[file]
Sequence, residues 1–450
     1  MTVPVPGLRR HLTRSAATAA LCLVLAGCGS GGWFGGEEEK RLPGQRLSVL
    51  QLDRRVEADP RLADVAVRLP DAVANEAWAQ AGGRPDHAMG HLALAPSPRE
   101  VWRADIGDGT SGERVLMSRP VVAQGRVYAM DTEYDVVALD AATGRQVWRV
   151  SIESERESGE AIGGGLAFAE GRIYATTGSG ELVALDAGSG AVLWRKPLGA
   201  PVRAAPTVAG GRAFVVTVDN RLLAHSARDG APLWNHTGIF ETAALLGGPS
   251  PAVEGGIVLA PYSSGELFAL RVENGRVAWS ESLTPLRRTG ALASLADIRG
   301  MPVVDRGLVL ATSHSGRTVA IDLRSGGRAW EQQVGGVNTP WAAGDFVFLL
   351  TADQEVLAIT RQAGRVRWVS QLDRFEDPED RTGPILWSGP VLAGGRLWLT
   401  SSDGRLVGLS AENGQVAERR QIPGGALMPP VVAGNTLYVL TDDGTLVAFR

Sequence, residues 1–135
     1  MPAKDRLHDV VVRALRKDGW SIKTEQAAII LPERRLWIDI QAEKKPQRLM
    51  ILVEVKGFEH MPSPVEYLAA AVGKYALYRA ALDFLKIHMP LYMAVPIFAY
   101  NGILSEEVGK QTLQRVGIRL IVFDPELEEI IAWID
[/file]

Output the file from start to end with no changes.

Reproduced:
Sequence, residues 1–450
     1  MTVPVPGLRR HLTRSAATAA LCLVLAGCGS GGWFGGEEEK RLPGQRLSVL
    51  QLDRRVEADP RLADVAVRLP DAVANEAWAQ AGGRPDHAMG HLALAPSPRE
   101  VWRADIGDGT SGERVLMSRP VVAQGRVYAM DTEYDVVALD AATGRQVWRV
   151  SIESERESGE AIGGGLAFAE GRIYATTGSG ELVALDAGSG AVLWRKPLGA
   201  PVRAAPTVAG GRAFVVTVDN RLLAHSARDG APLWNHTGIF ETAALLGGPS
   251  PAVEGGIVLA PYSSGELFAL RVENGRVAWS ESLTPLRRTG ALASLADIRG
   301  MPVVDRGLVL ATSHSGRTVA IDLRSGGRAW EQQVGGVNTP WAAGDFVFLL
   351  TADQEVLAIT RQAGRVRWVS QLDRFEDPED RTGPILWSGP VLAGGRLWLT
   401  SSDGRLVGLS AENGQVAERR QIPGGALMPP VVAGNTLYVL TDDGTLVAFR

Sequence, residues 1–135
     1  MPAKDRLHDV VVRALRKDGW SIKTEQAAII LPERRLWIDI QAEKKPQRLM
    51  ILVEVKGFEH MPSPVEYLAA AVGKYALYRA ALDFLKIHMP LYMAVPIFAY
   101  NGILSEEVGK QTLQRVGIRL IVFDPELEEI IAWID